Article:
It remains to be seen whether Yu Le Bao will grow (is it more than a fad, and can it avoid regulatory restrictions that might limit its viability?).

I'm fascinated by the potential of Yu Le Bao and guardedly optimistic about the way this particular app might actually effect how motion pictures are funded and circulated in the West. 

Why?

At this point it's mostly a hunch.

But the pieces of the puzzle that fell apart about 15 years ago for indie filmmakers might just be coming together again.

As someone who for many years raised money for films outside the Hollywood system, I appreciate that Yu Le Bao is building upon a financing idea that has already shown promise in the West - specifically, social media interactions with a community of core fans to enlist their micro-payments as co-creators of a film (see Kickstarter and Indiegogo).

Loyal readers of this blog already know how enthusiastic I am about the idea of marketing/financing films with the help of core fans. 

The potential impact of fan-financiers was recently demonstrated again by Veronica Mars - where engaged and empowered fans helped to create a new film based on a cancelled TV show and then (with a big push from consultants like Ivan Askwith) marketed the hell out of it online.

Yu Le Bao takes that online marketing/financing opportunity and makes it more than a one-off. 

In other words, I think Yu Le Bao could potentially provide a template for a whole new film financing business. 

Could what we used to call indie films be reborn - this time based on a managed fund and selling the film before it's made?

Could a core group of fans be relied upon (in a repeatable and sustainable way) to become financiers and the tip of the marketing spear? 

This online community approach - an idea that the internet has made possible (yes, there are great crowdfunding sites in the West, but why hasn't anyone systematized the financing and then marketing of feature length films online?) - strikes me as the best idea yet for reviving the moribund revenue chances for US non-studio feature films. (To say nothing of how web-series and games might profit from mobilized micro-investors.)

In short, I think Yu Le Bao, which (because of the relatively small numbers involved) just might be a Chinese company's marketing stunt, could actually contain the seeds of a new fan-supported film business - a business that might have legs in the West.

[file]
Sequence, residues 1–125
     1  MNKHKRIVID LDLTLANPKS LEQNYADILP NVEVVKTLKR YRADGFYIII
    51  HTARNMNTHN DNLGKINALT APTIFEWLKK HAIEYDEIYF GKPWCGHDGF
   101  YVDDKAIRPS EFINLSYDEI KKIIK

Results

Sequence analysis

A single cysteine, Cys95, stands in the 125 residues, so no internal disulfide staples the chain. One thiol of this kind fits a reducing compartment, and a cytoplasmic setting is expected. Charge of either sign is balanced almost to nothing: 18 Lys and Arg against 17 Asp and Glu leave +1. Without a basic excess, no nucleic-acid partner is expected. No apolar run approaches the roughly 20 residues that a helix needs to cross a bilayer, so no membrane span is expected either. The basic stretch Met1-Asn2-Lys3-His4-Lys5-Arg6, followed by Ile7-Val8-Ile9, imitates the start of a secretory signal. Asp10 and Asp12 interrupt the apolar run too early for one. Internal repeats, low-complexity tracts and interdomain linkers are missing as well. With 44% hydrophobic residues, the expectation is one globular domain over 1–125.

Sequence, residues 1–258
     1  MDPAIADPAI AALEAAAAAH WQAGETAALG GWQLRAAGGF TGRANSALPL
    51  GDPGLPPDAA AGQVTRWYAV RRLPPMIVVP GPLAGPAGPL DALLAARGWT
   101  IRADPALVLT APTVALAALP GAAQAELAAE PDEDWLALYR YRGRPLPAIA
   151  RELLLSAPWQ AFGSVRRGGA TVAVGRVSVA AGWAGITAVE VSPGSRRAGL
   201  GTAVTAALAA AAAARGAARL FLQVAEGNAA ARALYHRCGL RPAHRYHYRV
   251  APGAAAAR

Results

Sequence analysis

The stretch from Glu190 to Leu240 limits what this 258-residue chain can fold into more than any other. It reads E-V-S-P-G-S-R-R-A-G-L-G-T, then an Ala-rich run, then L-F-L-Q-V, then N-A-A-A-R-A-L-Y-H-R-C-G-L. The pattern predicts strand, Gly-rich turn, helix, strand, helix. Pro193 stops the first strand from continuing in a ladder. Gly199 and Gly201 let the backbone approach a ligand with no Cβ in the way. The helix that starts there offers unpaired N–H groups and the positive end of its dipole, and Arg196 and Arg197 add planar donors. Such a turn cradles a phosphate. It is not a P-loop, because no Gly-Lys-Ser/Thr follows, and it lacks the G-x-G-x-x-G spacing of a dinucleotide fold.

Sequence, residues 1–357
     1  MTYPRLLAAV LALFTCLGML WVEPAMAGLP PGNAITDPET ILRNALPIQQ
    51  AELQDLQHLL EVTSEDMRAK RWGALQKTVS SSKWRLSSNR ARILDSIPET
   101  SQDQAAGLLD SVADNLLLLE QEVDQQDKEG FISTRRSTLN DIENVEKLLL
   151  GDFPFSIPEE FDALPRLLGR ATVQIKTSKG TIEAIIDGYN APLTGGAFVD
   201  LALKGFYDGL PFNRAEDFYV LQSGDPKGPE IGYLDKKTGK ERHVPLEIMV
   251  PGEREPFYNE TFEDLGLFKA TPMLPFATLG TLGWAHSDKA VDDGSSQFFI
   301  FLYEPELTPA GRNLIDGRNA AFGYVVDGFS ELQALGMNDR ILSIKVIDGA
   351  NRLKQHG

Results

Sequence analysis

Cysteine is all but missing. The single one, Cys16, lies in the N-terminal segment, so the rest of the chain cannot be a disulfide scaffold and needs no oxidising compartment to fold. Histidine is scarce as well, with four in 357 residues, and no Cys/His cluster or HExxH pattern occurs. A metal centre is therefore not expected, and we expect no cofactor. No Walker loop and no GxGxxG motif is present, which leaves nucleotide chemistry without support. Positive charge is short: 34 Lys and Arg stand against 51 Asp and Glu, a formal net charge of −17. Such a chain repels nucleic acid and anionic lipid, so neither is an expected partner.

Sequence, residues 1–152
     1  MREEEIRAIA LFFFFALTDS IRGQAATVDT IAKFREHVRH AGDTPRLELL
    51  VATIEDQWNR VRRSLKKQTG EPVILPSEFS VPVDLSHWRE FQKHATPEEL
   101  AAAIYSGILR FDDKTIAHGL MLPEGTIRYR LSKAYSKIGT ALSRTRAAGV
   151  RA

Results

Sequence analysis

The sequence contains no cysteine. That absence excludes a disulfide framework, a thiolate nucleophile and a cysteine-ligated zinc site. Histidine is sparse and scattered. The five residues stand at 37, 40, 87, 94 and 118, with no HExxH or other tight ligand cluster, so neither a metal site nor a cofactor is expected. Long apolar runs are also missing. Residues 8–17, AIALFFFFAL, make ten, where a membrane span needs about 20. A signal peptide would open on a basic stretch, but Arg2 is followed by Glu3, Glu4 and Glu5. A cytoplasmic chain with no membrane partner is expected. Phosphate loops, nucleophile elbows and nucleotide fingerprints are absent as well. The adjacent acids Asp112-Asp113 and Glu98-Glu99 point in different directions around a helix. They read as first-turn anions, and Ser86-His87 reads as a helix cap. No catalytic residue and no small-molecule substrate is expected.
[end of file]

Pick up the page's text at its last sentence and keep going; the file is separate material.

I may end up regretting this particular prediction - but, considering Alibaba's ability to monetize online content (are you paying attention Netflix?), I suspect we'll be hearing much more about Yu Le Bao in the coming months. 

Even if I'm wrong about this one, I'm fascinated by the changes in how mobile devices are being used for business in China. Many of these innovations have yet to be felt in the West (where incumbent businesses - like banks and movie studios - have been understandably slow to innovate). 

While Hollywood films have a role to play, it's clear that the Hollywood studios and traditional Western notions about motion picture revenue and distribution are not driving the booming motion picture business in China. 

Instead of looking at that as a problem, I see opportunity.

Why shouldn't China be the place where the rules about motion pictures - using mobile devices, social media and online banking and commerce - are rewritten? 

As  Liu Chunning told Paul Carsten in a March 26th, 2014 Reuters report: "Yu Le Bao aims to provide a grassroots investment platform to bring the public closer to the cultural industry." 

Yes. This new measure of closeness to acts of cultural creation - a new sense of participation in the creative process - isn't offering a one-on-one relationship with the filmmaker - and it may just be an attempt to add some tinseltown gloss to the hype surrounding Alibaba's upcoming stock offering. 

Or it may just be an idiosyncratic (uniquely Chinese?) moment in the global movie business, a business that is always cooking up new (and temporary?) schemes for funding and releasing films.

Or... just maybe... Yu Le Bao might be remembered as one of the major innovations in the motion picture business circa 2014.